The first step is admitting I have a problem...

My backhand volley when I’m moving forward kind of sucks.

When I take warm-up volleys, I seem like I can stick my backhand volleys on a dime. But during the match, I seem to lose my ability to control this shot.

This problem seems to happen most often in singles. It seems to happen to me a lot when I’ve just hit an approach shot and have my opponent on the ropes. I move forward to intercept a weak reply for the 1hb putaway volley... and then I butcher the shot.

Most of my misses are wide and high, feeling like my contact is late. But some times I dump in the net. I think maybe it’s because the power on a 1hb volley comes mostly from a rotational motion, making timing/spacing errors problematic. In contrast, my forehand volley punch is a more linear motion, and I’m very good at these.

Also, my 1hb volley sometimes misses because it feels like my wrist is not firm enough. It’s hard to focus on this in the moment.

I learned the 1hb volley late in life, in my 20s, after learning to play the game as a serve-and-volleyer in high school using a 2hb volley.
My 2hb volley was more secure and less error-prone, but I made to switch mainly because the 1hb volley helped with having more reach in all directions and more potential putaway power.

Im seriously considering going back to my 2hb volley full-time. Or is there some secret I’m missing to making the 1hb volley (when charging forward) a more automatic and easy-to-time shot?
 
You have to slow down as you approach the ball or you will push the it long. Just a little, check your feet.

J
Sometimes I miss a little long. But sometimes I pop these up high and miss badly. Sometimes, but not always, I feel like I actually slowed down and coasted too much when I should have accelerated, wasting the chance to use my forward momentum for stability.
 
"... the power on a 1hb volley comes mostly from a rotational motion, making timing/spacing errors problematic. In contrast, my forehand volley punch is a more linear motion , and I’m very good at these." I assume you're talking here about your 1hb volley, not generic 1hb volleys.

From here it appears you may already have the answer to your problem.
 
Thinking about it... in doubles, I’m pretty good at hitting my backhand volley when I’m serve-and-volleying from ad side and ball is returned straight toward me. It’s those balls where I have to move forward and to my left that my wrist gets shakier.
 
Are you concentrating on hitting a winner as opposed to simply hitting a good shot? That might be one source of the problem.

Also, don't underestimate the value of hitting behind the opponent, which might prompt a weak reply.
 
Are you concentrating on hitting a winner as opposed to simply hitting a good shot? That might be one source of the problem.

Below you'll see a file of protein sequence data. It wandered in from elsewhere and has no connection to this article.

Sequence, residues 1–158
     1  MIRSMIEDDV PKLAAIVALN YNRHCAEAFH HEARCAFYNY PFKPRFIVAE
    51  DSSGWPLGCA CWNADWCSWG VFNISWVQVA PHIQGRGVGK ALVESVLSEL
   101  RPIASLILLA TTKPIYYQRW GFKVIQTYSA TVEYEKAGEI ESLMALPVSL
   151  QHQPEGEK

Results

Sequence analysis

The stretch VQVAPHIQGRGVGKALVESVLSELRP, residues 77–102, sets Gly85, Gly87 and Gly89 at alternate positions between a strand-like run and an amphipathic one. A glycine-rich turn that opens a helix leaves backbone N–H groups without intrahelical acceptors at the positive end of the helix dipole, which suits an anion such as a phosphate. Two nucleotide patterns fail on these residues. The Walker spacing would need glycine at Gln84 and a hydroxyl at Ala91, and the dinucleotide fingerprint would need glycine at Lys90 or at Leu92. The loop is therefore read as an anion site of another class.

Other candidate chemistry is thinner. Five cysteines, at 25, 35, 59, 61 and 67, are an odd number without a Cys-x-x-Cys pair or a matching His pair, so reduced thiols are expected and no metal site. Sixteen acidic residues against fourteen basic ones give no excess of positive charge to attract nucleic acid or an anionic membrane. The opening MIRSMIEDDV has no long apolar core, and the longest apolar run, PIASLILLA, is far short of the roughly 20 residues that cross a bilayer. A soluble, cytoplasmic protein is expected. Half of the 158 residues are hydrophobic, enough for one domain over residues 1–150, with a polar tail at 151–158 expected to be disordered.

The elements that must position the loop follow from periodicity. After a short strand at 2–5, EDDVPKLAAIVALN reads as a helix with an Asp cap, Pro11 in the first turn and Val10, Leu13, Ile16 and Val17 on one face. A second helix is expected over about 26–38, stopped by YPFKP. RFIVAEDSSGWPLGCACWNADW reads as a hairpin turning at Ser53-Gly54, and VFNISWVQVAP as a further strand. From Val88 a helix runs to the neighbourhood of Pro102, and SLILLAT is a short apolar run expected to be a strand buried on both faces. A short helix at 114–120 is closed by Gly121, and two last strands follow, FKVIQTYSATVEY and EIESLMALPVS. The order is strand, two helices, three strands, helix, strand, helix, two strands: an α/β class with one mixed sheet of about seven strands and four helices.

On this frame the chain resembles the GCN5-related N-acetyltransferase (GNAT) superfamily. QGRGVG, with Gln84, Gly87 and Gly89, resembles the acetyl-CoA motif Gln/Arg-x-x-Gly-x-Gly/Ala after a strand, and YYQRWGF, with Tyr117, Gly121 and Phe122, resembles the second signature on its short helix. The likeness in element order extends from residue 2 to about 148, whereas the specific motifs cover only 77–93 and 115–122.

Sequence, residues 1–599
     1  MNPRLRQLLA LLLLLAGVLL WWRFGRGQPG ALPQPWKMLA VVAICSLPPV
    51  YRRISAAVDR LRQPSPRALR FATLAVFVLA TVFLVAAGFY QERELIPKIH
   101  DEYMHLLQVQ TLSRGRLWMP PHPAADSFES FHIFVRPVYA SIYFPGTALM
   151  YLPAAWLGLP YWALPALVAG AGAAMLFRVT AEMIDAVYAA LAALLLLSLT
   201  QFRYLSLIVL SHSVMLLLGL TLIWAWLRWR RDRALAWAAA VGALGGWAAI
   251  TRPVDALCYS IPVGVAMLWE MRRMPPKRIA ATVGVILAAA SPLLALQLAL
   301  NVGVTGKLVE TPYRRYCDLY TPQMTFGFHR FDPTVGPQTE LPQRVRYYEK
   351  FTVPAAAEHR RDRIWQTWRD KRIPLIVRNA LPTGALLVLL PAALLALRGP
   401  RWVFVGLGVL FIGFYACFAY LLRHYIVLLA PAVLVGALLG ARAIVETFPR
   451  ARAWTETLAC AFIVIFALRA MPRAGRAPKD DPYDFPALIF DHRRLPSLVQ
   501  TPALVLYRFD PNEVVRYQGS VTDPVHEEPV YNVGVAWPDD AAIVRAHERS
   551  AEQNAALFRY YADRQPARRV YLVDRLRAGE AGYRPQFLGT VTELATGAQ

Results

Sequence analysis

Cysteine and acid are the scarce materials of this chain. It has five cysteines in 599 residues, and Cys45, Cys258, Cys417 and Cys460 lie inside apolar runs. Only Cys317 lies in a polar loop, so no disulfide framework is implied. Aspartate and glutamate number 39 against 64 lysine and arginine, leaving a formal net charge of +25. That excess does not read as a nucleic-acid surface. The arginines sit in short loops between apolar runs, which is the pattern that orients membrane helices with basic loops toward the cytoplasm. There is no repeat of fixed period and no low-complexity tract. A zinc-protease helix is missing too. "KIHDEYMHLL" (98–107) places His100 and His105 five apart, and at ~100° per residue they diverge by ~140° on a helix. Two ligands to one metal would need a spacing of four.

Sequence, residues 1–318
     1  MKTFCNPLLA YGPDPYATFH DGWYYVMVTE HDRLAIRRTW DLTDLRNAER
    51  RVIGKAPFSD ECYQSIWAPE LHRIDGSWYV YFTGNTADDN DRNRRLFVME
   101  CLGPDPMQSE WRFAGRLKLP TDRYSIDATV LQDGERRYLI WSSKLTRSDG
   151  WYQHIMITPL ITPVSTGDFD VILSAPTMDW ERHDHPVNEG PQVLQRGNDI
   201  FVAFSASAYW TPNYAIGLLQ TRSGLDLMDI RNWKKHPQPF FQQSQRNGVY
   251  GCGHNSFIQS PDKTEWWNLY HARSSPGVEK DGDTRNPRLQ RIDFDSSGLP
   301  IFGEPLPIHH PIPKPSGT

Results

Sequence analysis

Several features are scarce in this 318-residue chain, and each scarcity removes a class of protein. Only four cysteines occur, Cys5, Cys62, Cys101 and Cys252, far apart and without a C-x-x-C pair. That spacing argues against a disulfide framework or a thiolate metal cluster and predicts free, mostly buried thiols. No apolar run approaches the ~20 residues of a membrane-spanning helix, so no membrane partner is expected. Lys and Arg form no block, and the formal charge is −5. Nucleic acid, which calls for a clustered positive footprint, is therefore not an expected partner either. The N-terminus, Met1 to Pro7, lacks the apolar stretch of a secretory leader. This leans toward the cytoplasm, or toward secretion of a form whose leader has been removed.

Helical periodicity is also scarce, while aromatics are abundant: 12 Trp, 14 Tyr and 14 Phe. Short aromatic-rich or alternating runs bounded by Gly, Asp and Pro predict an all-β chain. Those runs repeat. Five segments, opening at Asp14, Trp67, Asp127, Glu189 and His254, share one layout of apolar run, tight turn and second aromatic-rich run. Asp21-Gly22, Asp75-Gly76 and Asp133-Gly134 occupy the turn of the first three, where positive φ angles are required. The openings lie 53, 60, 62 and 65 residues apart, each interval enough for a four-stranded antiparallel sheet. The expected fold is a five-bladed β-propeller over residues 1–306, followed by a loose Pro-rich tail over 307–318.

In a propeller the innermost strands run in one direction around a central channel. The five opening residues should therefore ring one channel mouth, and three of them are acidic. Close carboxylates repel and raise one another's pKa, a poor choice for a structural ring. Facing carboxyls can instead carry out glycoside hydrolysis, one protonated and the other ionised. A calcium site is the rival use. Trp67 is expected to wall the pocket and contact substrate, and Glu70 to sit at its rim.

Also, don't underestimate the value of hitting behind the opponent, which might prompt a weak reply.
The most common frustration is when I have pulled my opponent deep behind the baseline into his backhand corner after I have just hit a moonball approach, and he is attempting an inside out crosscourt forehand. All I have to do is place a backhand volley somewhere near the down-the-line sideline and it would be a winner. I’m not necessarily trying to hit it hard, as some of these are lower balls requiring touch. Some of these are high balls. I miss both types of balls too much. I am typically 15 feet behind net at contact.
 

Curious

Legend
The most common frustration is when I have pulled my opponent deep behind the baseline into his backhand corner after I have just hit a moonball approach, and he is attempting an inside out crosscourt forehand. All I have to do is place a backhand volley somewhere near the down-the-line sideline and it would be a winner. I’m not necessarily trying to hit it hard, as some of these are lower balls requiring touch. Some of these are high balls. I miss both types of balls too much. I am typically 15 feet behind net at contact.
Do they go wide, long or in the net?
 
Do they go wide, long or in the net?
I have the hardest time when the incoming ball has heavy topspin. I tend to pop these up long and often wide too as it seems like my wrist is often not firm enough.

I think I was better at these in high school when I still relied on my 2hb volley for these.
 
I’m thinking I’m going to test out the 2hb volley as a band-aid fix in my match tomorrow.

I’m playing the same pro for the third day in row tomorrow - I lost both days so far after blowing set points both days. The first day a blown set point was on one of these bh volleys.
 

LeeD

Bionic Poster
Really close your stance when driving the high backhand volley. Go CC.
DTL, go for placement over power.
 

r2473

G.O.A.T.